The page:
As can further be seen from FIGS. 1 and 2, nuts 7 have an essentially cuboid contour and are mounted in guide channels 15, which have a corresponding, rectangular cross-section and permit movement along spindles 6, but not rotation. To the side of surface areas 13 and 14, the outer sides of nuts 7 display recesses 16, which can be engaged by limit switches 17 provided at the ends of the travel path in guide channels 15. Limit switches 17 are preferably designed as microswitches. For reinforcement in the middle area around spindles 6, nuts 7 display semi-cylindrical bulges 18, which are guided in corresponding semi-cylindrical indentations in guide channels 15.

The longitudinal axes of spindles 6 are inclined away from shafts 10 in housing 1 in order to exploit the greatest possible lever length of control levers 9 and preserve the most compact possible height of housing 1, this essentially being defined by the vertical extension of transmission unit 5 and electric motor 4.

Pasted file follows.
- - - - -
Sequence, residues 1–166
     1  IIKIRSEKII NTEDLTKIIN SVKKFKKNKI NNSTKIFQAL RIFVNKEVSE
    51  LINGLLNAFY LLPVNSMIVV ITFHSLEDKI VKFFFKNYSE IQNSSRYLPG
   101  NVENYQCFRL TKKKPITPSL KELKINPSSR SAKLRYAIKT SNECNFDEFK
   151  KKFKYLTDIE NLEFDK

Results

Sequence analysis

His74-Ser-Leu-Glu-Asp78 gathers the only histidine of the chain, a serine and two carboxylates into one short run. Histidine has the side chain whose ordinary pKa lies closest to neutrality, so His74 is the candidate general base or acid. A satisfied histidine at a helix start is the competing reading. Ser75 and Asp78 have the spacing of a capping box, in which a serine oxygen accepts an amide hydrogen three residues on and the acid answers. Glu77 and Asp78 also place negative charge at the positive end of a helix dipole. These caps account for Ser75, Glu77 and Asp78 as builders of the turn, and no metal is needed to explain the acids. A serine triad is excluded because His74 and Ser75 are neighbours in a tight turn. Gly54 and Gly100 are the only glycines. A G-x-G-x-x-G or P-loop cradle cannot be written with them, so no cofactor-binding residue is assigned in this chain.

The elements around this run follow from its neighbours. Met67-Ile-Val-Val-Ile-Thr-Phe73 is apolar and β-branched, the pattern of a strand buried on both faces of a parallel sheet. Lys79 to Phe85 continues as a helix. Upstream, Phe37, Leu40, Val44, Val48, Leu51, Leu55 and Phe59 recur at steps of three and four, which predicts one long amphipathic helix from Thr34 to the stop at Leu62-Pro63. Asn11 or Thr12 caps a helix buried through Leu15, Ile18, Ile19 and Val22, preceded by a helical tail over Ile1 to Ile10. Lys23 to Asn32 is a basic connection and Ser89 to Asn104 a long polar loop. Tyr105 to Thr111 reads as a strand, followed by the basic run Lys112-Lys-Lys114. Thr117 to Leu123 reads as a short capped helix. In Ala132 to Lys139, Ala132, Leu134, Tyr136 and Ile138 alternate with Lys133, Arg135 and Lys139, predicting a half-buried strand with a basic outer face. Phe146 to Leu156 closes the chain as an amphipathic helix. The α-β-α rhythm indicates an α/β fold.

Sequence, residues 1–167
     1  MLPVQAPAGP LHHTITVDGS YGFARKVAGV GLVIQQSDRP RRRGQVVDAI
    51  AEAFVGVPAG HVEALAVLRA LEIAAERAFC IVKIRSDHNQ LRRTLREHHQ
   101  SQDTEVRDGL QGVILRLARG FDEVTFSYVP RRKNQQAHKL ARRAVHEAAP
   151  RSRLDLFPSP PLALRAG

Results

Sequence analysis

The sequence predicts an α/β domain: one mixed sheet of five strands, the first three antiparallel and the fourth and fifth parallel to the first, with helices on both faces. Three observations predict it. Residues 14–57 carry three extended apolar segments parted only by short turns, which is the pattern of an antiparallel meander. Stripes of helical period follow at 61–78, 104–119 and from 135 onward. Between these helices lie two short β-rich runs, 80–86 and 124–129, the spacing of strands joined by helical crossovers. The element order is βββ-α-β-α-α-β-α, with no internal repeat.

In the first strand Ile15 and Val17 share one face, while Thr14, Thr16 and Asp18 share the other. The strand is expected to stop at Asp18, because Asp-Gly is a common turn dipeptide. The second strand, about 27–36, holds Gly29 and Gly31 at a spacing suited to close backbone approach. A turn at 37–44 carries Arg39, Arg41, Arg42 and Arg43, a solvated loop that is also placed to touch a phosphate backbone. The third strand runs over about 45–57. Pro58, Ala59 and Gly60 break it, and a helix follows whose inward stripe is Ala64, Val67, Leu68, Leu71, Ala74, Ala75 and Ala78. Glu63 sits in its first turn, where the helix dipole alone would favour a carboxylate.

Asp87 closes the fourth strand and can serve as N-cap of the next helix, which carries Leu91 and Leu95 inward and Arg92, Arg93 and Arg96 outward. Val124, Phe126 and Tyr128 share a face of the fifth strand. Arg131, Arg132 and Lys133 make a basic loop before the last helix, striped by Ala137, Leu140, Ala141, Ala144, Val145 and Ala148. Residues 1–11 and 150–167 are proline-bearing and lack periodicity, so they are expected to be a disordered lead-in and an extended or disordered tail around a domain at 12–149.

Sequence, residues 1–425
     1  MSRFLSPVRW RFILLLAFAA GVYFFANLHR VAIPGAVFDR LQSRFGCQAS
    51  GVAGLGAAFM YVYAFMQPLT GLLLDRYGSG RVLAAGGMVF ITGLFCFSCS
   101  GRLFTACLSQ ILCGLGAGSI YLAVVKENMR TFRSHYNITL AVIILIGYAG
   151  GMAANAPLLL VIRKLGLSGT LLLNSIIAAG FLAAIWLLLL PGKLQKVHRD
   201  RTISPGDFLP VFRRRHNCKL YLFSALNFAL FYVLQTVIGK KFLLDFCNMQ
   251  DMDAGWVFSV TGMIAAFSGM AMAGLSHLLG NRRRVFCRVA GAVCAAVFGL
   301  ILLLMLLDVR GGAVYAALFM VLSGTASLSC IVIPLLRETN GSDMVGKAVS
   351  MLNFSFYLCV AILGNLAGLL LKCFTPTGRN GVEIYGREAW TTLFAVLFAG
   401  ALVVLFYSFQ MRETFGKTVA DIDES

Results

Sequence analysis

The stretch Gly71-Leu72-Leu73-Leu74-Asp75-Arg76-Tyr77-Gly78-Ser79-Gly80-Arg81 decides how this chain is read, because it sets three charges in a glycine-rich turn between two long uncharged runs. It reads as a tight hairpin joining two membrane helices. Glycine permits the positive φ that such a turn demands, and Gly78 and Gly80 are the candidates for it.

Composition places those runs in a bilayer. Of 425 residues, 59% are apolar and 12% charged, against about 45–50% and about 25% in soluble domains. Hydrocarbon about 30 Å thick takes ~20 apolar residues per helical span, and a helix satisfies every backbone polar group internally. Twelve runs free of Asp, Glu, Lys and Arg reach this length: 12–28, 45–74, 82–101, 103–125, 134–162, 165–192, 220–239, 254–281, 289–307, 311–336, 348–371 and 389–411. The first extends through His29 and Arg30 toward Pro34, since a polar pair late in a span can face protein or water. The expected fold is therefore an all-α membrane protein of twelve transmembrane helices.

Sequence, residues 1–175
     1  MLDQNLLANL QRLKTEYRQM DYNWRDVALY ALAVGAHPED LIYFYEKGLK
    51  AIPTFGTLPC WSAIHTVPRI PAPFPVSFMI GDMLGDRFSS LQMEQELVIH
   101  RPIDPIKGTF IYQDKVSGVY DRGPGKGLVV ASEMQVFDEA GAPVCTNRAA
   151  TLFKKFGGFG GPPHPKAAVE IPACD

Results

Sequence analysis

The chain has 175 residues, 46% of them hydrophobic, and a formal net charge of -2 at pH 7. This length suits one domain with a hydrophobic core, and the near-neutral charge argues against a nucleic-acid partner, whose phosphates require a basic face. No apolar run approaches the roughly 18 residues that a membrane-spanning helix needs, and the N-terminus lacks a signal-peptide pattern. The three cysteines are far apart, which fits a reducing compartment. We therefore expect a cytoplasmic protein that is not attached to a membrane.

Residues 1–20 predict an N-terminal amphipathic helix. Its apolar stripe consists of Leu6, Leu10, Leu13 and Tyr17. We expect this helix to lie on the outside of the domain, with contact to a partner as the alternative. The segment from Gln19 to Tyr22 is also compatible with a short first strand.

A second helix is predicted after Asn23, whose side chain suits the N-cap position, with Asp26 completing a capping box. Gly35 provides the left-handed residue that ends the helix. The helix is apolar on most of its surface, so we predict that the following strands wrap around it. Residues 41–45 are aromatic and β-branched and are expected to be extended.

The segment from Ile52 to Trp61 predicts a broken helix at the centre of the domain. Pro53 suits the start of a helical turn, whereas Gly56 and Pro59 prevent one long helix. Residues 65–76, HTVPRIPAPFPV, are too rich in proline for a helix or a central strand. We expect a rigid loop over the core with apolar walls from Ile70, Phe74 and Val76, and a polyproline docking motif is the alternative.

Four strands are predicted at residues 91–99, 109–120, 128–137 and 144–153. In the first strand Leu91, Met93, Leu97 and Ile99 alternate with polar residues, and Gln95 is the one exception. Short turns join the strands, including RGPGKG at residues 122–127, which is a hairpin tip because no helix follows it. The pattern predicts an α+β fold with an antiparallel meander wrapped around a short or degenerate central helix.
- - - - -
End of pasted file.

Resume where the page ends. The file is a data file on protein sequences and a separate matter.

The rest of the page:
As shown in FIG. 1, the ends of spindles 6 adjacent to transmission units 5 are mounted in rotating fashion in ball bearings 19. The other ends of spindles 6 are mounted in rotational bearings 20, which can likewise be ball bearings. As can be seen from FIGS. 1 and 3, transmission units 5 are designed as worm gear units, with a worm 21 driven by electric motor 4, and a worm wheel 22 engaging worm 21, where worm wheel 22 is located in non-rotating fashion on the corresponding end of spindle 6. An extension 23 on the free end of worm 21 is mounted in a bearing bush 24 on the side opposite electric motor 4.

Housing 1 is made of plastic and designed in the form of two shells. The parting line of the two shells extends perpendicularly to shafts 10. The two shells are produced by milling and contain holding devices, integrally fashioned on their insides in one piece, for mounting transmission units 5, bearings 19 and 20 for spindles 6, and nuts 7 in guide channels 15 described above.